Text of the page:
Could counselling help?
Fertility treatment is challenging and if you’re feeling upset or confused, it can be hard to know who to turn to for help. It is increasingly common for fertility patients to use the Internet where they can talk to one another about their fears and concerns, and this kind of peer support can be helpful – but when it comes to coping strategies and looking at the wider picture, you may find it useful to seek the support of a qualified professional.
Worries about seeking professional help
People are sometimes reluctant to seek help from the professional counsellors or therapists at their fertility clinic, perhaps fearing that this would send a signal that they are not coping or even worrying that any uncertainties they feel may be reported back to their doctors. In fact, seeing a counsellor is not a sign that you are not coping, but rather a sign that you are actively doing something to try to help yourself through your treatment. It is also important to understand that counselling is confidential and what you discuss in a counselling session is between you and the counsellor. If your counsellor had concerns which they felt the rest of the team should be aware of, they would discuss this with you first rather than telling other staff.
Counselling is not for me
If you’ve had counselling or therapy in the past and know it has been helpful, you may be pleased to find that there are fertility specialists in the field who can help you. For others, however, the whole idea of counselling or therapy can be difficult. Some people feel that counselling would be intrusive or too personal, and may be certain that they don’t want any professional help. You may think that you have plenty of support from your partner, friends and family and that you don’t need to talk to anyone else.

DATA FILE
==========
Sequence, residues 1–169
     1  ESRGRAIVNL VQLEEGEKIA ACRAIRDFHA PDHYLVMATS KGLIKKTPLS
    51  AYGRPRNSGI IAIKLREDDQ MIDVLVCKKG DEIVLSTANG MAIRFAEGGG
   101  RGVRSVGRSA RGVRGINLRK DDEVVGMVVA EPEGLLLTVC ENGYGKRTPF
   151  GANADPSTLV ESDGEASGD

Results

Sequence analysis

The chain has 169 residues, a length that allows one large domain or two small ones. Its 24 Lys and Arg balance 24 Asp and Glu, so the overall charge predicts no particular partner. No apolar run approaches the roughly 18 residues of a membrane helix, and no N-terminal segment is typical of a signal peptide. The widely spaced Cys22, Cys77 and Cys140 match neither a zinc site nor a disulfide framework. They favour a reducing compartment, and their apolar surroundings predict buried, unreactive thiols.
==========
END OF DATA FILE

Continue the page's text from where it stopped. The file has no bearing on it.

This may be true at the start of your treatment cycle, but sometimes people who have felt this way can realise that they need more help when they are in the middle of a cycle. If you do suddenly find that things are getting difficult, it is fine to change your mind about this and to ask if you can see a counsellor. You may find it beneficial to talk to someone who has no personal involvement in your situation, and who has time to sit and listen to what you have to say.
What will happen if I have counselling?
Sometimes people are put off counselling because they are worried that they will be somehow forced to discuss issues or emotions which they have been carefully keeping buried away during their adult lives. Remember that it is up to you what you disclose in a session with a counsellor, and that they can be a useful sounding board for your feelings and emotions.
If you are having treatment with a partner, a counsellor will often like to try to talk to you both initially, but this may not always be possible. Some men are more resistant to the idea of counselling, and it is fine if just one of you wants to see if counselling can help. What happens during a session is down to you and your counsellor, but you will work together to try to find ways to make your situation easier to deal with.
If you’re not sure whether you’d benefit from counselling, it may be worth trying at least one session to chat to a counsellor. If you decide that it’s not for you, that’s fine, but you may discover that it can make all the difference to how you feel during your treatment cycle.
Writer and journalist
Kate Brian is a journalist, writer and author of four books on motherhood and fertility, including The Complete Guide to IVF. Kate started writing about the patient perspective on infertility after having IVF herself.
Currently, she contributes to various types of media as an expert on fertility and writes her own blog, where she gives all the latest news and views on fertility issues, as well as useful advice and links for anyone trying to have a baby.
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